Again, my beef with the field right now is that we are too blase about miracle of adaptation.  It’s easy to tell horror stories that the data cannot refute.  Much of economist tribe won’t look there—it feels taboo.  JPE won’t publish such an article. We have blinders on when uncertainty is our greatest enemy.

Question 3. If specific farmers at specific locations suffer, why won't farming move to a new area with a new comparative advantage? How has your work made progress on the "extensive margin" of where we grow our food in the future?

The vast majority of arable land is already cropped.  That which isn’t is in extremely remote and/or politically difficult parts of Africa.  Yes, there will be substitution and shifting of land.  But these shifts will come about because of climate-induced changes in productivity.  In other words, first-order intensive margin effects will drive second-order extensive margin effects.  The second order effects—some land will move into production, some out--will roughly amount to zero.  That’s what the envelope theorem says.  To a first approximation, adaptation in response to climate change will have zero aggregate effect, not just with respect to crop choice, but with respect to other management decisions as well.  I think Nordhaus himself made this point a long time ago.

However, there will also be intensive and extensive margin responses to prices.  Those will be larger than zero.  But I think the stylized facts about commodity prices ( from the rational expectations commodity price model, plus other evidence ) tell us that supply and demand are extremely inelastic.

Question 4. The key agriculture issue in adapting to climate change appears to be reducing international trade barriers and improving storage and reducing geographic trade costs. Are you pessimistic on each of these margins? Container ships and refrigeration keep getting better, don't they?

I think storage will improve, because almost anyone can do it, and there’s a healthy profit motive.  It’s a great diversification strategy for deep-pocketed investors. I think many are already into this game and more will get into it soon.  Greater storage should quell a good share of the greater volatility, but it actually causes average prices to rise, because there will be more spoilage.  But I’m very “optimistic” if you will, about the storage response.  I worry some that the storage response will be too great.

But I’m pretty agnostic to pessimistic about everything else.  Look what happened in earlier food price spikes.  Many countries started banning exports.  It created chaos and a huge “bubble” (not sure if it was truly rational or not) in rice prices.  Wheat prices, particularly in the Middle East, shot up much more than world prices because government could no longer retain the subsidized floors. As times get tougher, I worry that politics and conflict could turn crazy.  It’s the crazy that scares me.  We’ve had a taste of this, no?  The Middle East looks much less stable post food price spikes than before. I don’t know how much food prices are too blame, but I think they are a plausible causal factor.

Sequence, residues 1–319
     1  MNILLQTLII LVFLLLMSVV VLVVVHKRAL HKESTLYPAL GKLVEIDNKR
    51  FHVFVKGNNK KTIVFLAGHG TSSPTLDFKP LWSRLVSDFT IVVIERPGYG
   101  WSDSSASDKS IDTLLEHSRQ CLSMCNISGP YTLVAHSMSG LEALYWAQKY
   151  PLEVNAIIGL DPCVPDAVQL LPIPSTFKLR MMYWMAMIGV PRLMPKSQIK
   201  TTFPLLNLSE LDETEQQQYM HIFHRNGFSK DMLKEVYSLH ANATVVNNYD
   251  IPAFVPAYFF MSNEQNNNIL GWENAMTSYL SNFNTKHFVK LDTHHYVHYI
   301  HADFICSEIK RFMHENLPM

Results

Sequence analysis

Question 5. With regards to my Climatopolis work, recall that my focus is the urbanized world. The majority of the world already live in cities and cities have a comparative advantage in adapting to climate conditions due to air conditioning, higher income and public goods investments to increase safety.

To be fair: I’m probably picking on the wrong straw man.  What’s bothering me these days has much less to do with your book and more to do with the papers that come across my desk every day.  I think people are being sloppy and a bit closed minded, and yes, perhaps even tribal.  I would agree that adaptation in rich countries is easier.  Max Auffhammer has a nice new working paper looking at air conditioning in California, and how people will use air conditioning more, and people in some areas will install air conditioners that don’t currently have them--that's adaptation.  This kind of adaptation will surely happen, is surely good for people but bad for energy conservation.  It’s a really neat study backed by billions of billing records.   But the adaptation number—an upper bound estimate—is small.

I thought of you and your book because people at AAEA were making the some of the same arguments you made, and because you’re much bigger fish than most of the folks in my little pond.  Also, I think your book embodies many economists’ perhaps correct, but perhaps gravely naïve, what-me-worry attitude.

Why Science for Climate Adaptation is Difficult

Matthew Kahn, author of the cheeky book Climatopolis: How Our Cities will Thrive in the Hotter Future, likes to compliment our research (Schlenker and Roberts, 2009) on potential climate impacts to agriculture by saying it will cause valuable innovation that will prevent its dismal predictions from ever occurring.

Matt has a point, one that has been made many times in other contexts by economists with Chicago School roots.  Although in Matt’s case (and most all of the others), it feels more like a third stage of denial than a serious academic argument.

It’s not just Matt.  Today, the serious climate economist (or Serious?) is supposed to write about adaptation.  It feels taboo to suggest that adaptation is difficult.  Yet, the conventional wisdom here is almost surely wrong.  Everyone seems to ignore or miscomprehend basic microeconomic theory: adaptation is a second or higher-order effect, probably as ignorable as it is unpredictable.